Posts by whrin_admin

DRC: The Invention of Child Witches in the Democratic Republic of Congo – Save the Children

This report summarises Save the Children’s knowledge on the issue of children accused of witchcraft  in the Democratic Republic of Congo. The information and analyses presented are all drawn from various research studies as well as from the experience their programme has gained through the reunification and reintegration of almost 2,000 children in the  cities of Kinshasa and Mbuyi-Mayi.
The greatest source of information, however, was  Save the Children’s direct work with pastors from the revivalist churches, communities and parents who have accused their children of witchcraft. Please click here for the full report.



South Africa: Police to Establish Task Teams to Investigate Occult Crimes

EASTERN Cape police have appointed three detectives to specialise in occult-related crime as part of a national drive by the SAPS to crack down on muti murders and other crimes that may occur during the practising of satanism, witchcraft and even vampirism. See here for more information.

UK: Possession, Jinn and Britain’s backstreet exorcists

UK health and social workers and those in the criminal justice system are increasingly having to understand belief in spiritual possession among ethnic minorities, with new research highlighting a particular issue with some sections of the British Asian community blaming mental health problems on the supernatural. See BBC report here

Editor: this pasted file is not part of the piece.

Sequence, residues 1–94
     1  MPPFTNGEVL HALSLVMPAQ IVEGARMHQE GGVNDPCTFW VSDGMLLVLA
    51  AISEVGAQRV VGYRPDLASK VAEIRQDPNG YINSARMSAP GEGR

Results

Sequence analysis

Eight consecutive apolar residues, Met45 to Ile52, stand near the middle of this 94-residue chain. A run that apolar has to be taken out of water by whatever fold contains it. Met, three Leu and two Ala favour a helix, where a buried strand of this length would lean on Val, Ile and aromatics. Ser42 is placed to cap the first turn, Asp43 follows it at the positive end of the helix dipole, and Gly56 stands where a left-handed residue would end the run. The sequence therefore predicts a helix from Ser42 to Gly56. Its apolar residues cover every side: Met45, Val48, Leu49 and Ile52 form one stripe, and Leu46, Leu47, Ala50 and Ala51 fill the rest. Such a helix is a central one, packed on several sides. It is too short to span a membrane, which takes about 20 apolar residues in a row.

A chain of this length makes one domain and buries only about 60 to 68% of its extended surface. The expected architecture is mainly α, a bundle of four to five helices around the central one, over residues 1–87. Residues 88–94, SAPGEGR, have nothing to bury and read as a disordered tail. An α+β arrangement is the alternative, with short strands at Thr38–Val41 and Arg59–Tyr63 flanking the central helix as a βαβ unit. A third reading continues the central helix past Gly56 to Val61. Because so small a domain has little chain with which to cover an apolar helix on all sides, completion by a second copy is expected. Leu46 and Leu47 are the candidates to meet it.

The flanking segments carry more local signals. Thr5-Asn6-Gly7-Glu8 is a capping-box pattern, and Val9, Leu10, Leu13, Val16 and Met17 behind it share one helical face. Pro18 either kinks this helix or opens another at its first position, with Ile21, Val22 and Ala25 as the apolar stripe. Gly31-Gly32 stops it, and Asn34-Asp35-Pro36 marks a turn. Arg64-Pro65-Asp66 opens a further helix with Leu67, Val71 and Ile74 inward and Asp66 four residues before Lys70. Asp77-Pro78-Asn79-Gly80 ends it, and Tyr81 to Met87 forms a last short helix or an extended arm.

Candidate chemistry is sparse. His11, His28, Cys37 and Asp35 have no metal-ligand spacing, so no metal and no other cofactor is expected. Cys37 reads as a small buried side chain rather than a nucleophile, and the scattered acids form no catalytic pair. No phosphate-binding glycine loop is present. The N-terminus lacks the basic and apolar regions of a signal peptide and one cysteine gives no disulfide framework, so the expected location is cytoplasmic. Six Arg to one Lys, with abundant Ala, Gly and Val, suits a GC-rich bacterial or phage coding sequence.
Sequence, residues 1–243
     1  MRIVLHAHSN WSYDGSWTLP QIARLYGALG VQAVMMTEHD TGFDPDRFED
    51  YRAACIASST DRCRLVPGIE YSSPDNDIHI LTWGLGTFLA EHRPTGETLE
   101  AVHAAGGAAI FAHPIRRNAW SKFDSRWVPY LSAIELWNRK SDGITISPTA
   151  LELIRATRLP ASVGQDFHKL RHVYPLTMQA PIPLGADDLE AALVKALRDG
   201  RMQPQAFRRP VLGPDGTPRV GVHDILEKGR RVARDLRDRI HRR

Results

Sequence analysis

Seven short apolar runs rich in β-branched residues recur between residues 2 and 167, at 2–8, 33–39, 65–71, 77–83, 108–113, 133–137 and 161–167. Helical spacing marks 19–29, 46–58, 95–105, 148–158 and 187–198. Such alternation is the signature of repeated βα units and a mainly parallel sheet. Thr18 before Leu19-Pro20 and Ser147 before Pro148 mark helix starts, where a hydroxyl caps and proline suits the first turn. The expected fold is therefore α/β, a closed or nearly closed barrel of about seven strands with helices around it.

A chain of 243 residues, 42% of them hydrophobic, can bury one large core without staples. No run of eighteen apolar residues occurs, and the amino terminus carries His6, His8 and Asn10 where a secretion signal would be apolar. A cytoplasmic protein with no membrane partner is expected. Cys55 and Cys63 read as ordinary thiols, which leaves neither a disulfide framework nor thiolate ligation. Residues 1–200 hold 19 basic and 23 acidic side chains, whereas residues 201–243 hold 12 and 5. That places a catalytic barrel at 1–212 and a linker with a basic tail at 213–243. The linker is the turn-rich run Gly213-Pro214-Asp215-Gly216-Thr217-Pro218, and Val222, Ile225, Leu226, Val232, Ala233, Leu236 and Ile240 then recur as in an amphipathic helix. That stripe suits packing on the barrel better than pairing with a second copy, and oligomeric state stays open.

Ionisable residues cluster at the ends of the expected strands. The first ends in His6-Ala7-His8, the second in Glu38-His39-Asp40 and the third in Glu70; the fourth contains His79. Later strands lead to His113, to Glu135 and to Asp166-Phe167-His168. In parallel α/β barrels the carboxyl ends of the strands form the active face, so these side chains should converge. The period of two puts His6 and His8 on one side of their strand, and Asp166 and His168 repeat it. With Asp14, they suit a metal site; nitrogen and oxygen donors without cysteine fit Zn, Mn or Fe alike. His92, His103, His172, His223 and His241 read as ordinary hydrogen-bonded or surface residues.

Help Age International: Using the law to tackle accusations of witchcraft

HelpAge International and its partners have considerable experience of tackling
and reducing accusations of witchcraft and related violence against older women
and men though community based interventions. We do not, however, have the
same level of experience or expertise in the use of legislation in this area.
To address this gap, we requested, through the organisation Advocates for
International Development, pro bono guidance from lawyers on the use of
legislation to address accusations of witchcraft and related violence. Three law
firms offered to review relevant legislation in a total of nine countries: Burkina
Faso, Cameroon, India, Côte d’Ivoire, Kenya, Malawi, Senegal, South Africa and
Tanzania. We also asked the law firms to provide general guiding principles to
help inform our position on the use of the legislation in this area.
This report presents the main findings of the review and our position in relation to
the issues raised. It also presents a summary of key issues from the review in
each of the nine countries. See the full report here

Nepal: Government Proposes Bill to Criminalise Witchcraft Accusations